There are different types of dental fillings such as tooth colored restorations (composites) or silver restorations (amalgams). Both fillings have their strengths and limitations and our choice of material for each patient depends on a variety of factors.

Composite Fillings

Made of tooth colored materials, composites restore the natural beauty of teeth. They can be matched very closely to your natural tooth color and are indistinguishable from non-restored teeth. Composite fillings are ideal for front teeth but used frequently for the back teeth as well.

Strengths: Bonds to tooth structure; more conservative since less tooth structure has to be removed; best esthetics

Limitations: Does not do well with moisture, such as fillings that go below gum tissue; costs more than amalgams; need to place in increments so it can take more time to place

Amalgam Fillings

Amalgam is a silver colored alloy made up of mercury, silver, tin and copper. Because of the poor esthetics they are used only for the back teeth. These restorations are known for their strength and durability.

Strengths: Long lasting; less sensitive to moisture; costs less

Limitations: More tooth structure needs to be removed to help retain amalgams since they cannot bond to teeth; poor esthetics; may swell with time causing fracture lines in tooth structure; may corrode and leak over time

Before and After Photos of Composites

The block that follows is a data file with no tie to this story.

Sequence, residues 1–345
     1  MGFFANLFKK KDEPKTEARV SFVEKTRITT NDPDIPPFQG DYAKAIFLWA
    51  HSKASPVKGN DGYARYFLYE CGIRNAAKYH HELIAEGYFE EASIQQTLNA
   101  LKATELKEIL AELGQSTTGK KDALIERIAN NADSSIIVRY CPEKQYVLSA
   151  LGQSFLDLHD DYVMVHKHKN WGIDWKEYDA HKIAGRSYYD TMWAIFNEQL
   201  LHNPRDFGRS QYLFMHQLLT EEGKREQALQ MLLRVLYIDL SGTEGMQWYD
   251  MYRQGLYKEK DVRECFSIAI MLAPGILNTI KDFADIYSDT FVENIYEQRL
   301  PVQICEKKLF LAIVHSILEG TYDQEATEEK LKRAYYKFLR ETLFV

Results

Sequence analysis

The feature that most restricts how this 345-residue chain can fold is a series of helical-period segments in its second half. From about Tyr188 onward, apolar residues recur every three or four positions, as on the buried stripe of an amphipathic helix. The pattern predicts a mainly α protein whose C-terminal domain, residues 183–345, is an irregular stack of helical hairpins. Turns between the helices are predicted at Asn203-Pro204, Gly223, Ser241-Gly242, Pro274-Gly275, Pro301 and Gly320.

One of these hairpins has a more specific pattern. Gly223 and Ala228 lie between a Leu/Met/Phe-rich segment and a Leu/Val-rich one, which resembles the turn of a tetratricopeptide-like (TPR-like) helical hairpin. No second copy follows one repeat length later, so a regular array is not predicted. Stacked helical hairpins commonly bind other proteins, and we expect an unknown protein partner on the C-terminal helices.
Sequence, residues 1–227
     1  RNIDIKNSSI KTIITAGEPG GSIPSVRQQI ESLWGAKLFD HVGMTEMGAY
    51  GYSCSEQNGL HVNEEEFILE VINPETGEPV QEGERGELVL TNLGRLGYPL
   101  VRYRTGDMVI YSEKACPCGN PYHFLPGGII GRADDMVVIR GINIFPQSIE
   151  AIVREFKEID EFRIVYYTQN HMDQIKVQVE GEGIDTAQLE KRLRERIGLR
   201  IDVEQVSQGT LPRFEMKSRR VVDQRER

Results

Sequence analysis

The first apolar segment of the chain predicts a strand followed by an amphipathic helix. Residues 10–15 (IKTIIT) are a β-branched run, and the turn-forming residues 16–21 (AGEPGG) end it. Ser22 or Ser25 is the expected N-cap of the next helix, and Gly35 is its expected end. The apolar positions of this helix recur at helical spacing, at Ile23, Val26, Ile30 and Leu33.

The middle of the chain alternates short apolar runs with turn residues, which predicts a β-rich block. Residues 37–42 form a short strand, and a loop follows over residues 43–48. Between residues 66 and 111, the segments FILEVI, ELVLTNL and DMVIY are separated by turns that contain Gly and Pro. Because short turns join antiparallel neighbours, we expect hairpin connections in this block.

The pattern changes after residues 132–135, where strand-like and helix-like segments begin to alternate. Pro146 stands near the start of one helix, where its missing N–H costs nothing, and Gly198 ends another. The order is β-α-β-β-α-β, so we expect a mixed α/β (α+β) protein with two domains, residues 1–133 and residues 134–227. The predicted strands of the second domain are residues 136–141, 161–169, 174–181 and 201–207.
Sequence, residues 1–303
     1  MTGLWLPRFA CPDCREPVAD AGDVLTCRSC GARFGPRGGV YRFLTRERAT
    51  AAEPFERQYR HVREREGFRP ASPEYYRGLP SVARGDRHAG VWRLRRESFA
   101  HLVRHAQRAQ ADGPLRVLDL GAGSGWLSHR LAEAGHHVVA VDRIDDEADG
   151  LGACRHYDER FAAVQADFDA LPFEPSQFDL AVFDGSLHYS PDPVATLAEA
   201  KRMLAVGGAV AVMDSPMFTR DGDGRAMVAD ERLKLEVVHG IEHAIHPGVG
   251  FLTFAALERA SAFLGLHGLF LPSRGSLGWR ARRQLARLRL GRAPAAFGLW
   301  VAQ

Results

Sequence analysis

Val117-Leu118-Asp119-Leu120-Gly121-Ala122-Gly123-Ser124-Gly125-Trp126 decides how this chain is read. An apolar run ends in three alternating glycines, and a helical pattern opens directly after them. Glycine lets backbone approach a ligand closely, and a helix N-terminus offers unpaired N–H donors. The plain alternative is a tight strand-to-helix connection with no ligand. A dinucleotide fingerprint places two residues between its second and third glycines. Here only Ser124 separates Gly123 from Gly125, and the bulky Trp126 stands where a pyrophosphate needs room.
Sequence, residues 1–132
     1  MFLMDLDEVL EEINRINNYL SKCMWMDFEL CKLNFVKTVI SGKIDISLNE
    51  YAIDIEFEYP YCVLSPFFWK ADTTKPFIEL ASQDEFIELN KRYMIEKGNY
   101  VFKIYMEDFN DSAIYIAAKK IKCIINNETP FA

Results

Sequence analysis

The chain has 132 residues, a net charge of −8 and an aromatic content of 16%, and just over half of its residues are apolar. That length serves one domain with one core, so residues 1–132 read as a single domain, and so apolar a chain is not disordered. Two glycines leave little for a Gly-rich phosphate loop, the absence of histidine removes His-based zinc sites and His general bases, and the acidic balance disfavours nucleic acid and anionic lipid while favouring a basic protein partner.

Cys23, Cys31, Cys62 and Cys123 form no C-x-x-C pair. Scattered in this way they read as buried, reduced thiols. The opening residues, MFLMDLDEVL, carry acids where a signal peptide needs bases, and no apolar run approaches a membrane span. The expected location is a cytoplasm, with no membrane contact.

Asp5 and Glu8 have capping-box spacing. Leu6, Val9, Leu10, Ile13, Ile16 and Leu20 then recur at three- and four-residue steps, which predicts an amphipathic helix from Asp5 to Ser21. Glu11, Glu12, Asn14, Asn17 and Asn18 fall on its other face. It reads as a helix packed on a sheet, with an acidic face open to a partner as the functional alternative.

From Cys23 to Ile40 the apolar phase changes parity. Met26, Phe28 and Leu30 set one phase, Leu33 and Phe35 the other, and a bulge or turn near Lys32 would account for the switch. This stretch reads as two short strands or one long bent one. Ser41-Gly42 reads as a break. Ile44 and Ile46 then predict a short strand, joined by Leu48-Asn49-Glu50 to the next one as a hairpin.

Fillings are an excellent way to repair a damaged tooth back to its’ normal shape, function and look.

Below is an example of a patient that had large cavities on her front teeth. The decay was removed and the teeth filled with composites, giving her a healthy smile again in one appointment.

A cavity is basically a hole in a tooth caused by decay. There’s a variety of colors that change the appearance with a cavity from white spots to orange and yellow to even black spots. Below are cavities with white areas of demineralization that were filled with composites.

Composites are a great cosmetic restoration to restore small imperfections in teeth. Esthetic bonding uses composites to fix small gaps, discolorations, stains, and chipped teeth. Photos below show spaces from misshaped teeth corrected with esthetic bonding in one visit without any local anesthesia.

What to expect with a filling

Dr. Brian will thoroughly inspect your teeth. He will look for any cavities, cracks or defective restorations that need to be taken care of before the problem progresses. Radiographs are necessary to check for decay in places that cannot be seen visually.

We believe in painless and conservative dentistry. Dr. Brian will gently get you numb and give you plenty of time for the anesthesia to kick in. He will test the tooth to make sure you do not feel anything at all and that you are comfortable for the entire procedure. He will remove the decay, clean up the tooth, and place the restoration. Dr. Brian can discuss with you which type of filling is best for you. Typically he will place composites because these fillings bond to the tooth and are more conservative.

The local anesthetic may last for a few hours after the procedure, so be careful not to drool over yourself or bite your cheek. Once the numbness wears off, you can eat on that side again. Some sensitivity may occur since we just worked on the tooth. If the sensitivity is not going away after a few days, please call our office.

Your dental filling should last you many years but not forever. Restorations fail due to wear and tear and may need to be replaced from time to time. Decay can also occur around these fillings which is why we recommend routine cleanings, exams, radiographs and good oral hygiene at home to help these restorations last.

Depending on the extent and location of the problem sometimes a crown is recommended instead of a filling.